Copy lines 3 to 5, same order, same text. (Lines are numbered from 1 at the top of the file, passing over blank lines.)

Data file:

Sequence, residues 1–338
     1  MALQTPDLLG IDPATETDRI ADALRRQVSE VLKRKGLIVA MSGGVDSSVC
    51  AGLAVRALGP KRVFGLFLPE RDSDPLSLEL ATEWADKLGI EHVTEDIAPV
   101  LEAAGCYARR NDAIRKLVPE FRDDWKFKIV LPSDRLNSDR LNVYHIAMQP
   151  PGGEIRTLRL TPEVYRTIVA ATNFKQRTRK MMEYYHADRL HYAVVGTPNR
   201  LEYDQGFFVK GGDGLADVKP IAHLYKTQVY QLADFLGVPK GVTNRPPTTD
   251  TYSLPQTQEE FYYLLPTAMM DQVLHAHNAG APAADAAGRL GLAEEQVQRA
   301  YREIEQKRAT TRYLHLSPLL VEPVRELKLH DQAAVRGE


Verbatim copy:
    51  AGLAVRALGP KRVFGLFLPE RDSDPLSLEL ATEWADKLGI EHVTEDIAPV
   101  LEAAGCYARR NDAIRKLVPE FRDDWKFKIV LPSDRLNSDR LNVYHIAMQP
   151  PGGEIRTLRL TPEVYRTIVA ATNFKQRTRK MMEYYHADRL HYAVVGTPNR